The Unadoptables

What happens to tens of thousands of teens who 'age out' of foster care each year?

Leah McBride tried to make each school day last as long as she could. Books, spelling bees, and poetry are what she loved. "I didn't want to go home," she says now, remembering the nightmare of abuse waiting for her.

For a bright girl, betrayed by her troubled mother and father, school was an oasis from physical abuse. Then one day a teacher noticed dark bruises on Leah's body, and the lives of Leah and her three sisters changed overnight. They became wards of the state, placed in foster care. A brief return to their mother, with their father gone, ended with more abuse.

Despite the fact that 66 percent of all children who enter foster care in the United States are reunited with their birth parents within two years, Leah bounced from foster home to group home to psychiatric treatment center for the next 10 hard years.

Because her life lacked any sign of stability - often she ran away and had thoughts of suicide - she was seen by the system as "unadoptable." From her perspective, Leah never knew what was going to happen next. Instead of being in a problem, she grew to believe she was the problem.

Eventually, she "aged out" of foster care, becoming one of the 25,000 to 30,000 teens recently estimated by the Child Welfare League of America to reach age 18 without a job or life skills. Most are ineligible for more foster care, and have to live on their own. In some states, continued assistance is available if they are in school and older than 18.

But reliable numbers are hard to come by because research on teens aging out of foster care has been spotty. Sociologists and foster-care experts say the numbers are growing. Overall, the number of children in foster care in the US has doubled to 500,000 over the last decade.

Lighthouse Youth Services: a teen beacon

Most of all, as with many foster-care kids, what changed Leah's life was her resilience and a determination to succeed. She is now in her third year in college, has her own apartment, and does well socially and academically.

She attributes most of her successful aging-out experience to her time spent in the Lighthouse Youth Services, a nonprofit independent-living program in Cincinnati. She also has a close relationship with a loving foster mother.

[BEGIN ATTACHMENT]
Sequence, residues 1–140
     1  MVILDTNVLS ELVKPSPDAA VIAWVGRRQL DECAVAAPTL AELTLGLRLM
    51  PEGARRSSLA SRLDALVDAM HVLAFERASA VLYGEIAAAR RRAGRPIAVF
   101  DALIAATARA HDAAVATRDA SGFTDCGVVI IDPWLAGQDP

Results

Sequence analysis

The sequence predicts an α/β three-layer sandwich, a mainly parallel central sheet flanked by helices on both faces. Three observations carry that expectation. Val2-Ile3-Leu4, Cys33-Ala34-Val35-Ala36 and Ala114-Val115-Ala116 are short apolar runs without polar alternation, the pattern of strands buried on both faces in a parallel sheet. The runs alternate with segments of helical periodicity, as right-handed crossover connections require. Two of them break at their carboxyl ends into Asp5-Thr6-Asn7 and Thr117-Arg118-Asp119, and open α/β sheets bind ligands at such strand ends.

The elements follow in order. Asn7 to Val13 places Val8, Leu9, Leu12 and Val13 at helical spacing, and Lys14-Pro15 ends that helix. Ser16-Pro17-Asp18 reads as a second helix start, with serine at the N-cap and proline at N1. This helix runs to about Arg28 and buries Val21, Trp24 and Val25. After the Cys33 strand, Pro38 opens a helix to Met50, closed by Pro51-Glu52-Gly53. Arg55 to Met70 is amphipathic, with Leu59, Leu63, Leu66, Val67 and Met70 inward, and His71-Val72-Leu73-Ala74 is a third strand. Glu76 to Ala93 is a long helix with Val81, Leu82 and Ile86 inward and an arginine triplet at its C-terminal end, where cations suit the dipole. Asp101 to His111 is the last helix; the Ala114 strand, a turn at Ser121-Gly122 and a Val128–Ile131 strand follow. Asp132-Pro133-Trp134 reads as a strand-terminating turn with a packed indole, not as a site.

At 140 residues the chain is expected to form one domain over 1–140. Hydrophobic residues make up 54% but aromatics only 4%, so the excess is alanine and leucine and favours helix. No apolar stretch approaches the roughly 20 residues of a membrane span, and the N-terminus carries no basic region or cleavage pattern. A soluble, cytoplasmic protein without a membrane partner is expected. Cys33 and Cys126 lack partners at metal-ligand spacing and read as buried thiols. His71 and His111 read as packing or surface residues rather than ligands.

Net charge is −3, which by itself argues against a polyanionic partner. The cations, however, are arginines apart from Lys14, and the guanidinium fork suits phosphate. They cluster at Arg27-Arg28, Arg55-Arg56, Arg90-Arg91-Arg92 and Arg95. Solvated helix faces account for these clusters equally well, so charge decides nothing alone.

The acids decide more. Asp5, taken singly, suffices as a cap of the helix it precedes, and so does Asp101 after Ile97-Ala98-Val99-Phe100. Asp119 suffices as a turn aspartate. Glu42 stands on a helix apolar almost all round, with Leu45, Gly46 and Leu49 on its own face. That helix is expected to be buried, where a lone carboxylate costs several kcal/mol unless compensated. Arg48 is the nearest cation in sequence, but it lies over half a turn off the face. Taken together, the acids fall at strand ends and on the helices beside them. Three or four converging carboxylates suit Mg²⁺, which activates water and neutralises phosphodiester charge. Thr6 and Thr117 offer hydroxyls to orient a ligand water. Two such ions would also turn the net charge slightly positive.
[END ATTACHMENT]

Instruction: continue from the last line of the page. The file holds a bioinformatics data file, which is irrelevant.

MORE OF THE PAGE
"God gave me a second chance to prove you don't have to succumb to the environment you were raised in," she says. She often shares her hard-won convictions in talks with teens in the Lighthouse program.

But Leah's success is not typical, nor are the supportive services available to her in Cincinnati offered in most other states or cities for aging-out teens. The Child Welfare League of America says fewer than 25 percent of foster-care agencies provide teens with services to become independent.

Bob Stoval, who runs Tahoe Turning Point, a resident home for teens in Lake Tahoe, Calif., says, "In normal families, kids are often supported into their mid-20s. In many foster homes they are out at 18 and lack any preparation."

Recognizing aging-out as a growing problem, Congress enacted the Independent Living Program in 1992, and disburses $70 million each year for various programs among the 50 states. Experts say teens that leave foster care, or become homeless, or drift among relatives, have needs that outweigh current funding.

"When you consider the number of teens who are homeless or runaways on any given day," says Nancy Eschbach, program director for the National Runaway Switchboard in Chicago, "then $70 million is a drop in the bucket. Our estimate in Chicago is that 10,000 kids are on the streets on any given day."

"We have 88 counties in Ohio," says Mark Kroner, director of the Lighthouse Youth Services independent-living program, "and only 30 of them are trying to do anything about the problem. Only five have full-fledged programs with housing."

Responsibility rewarded with an apartment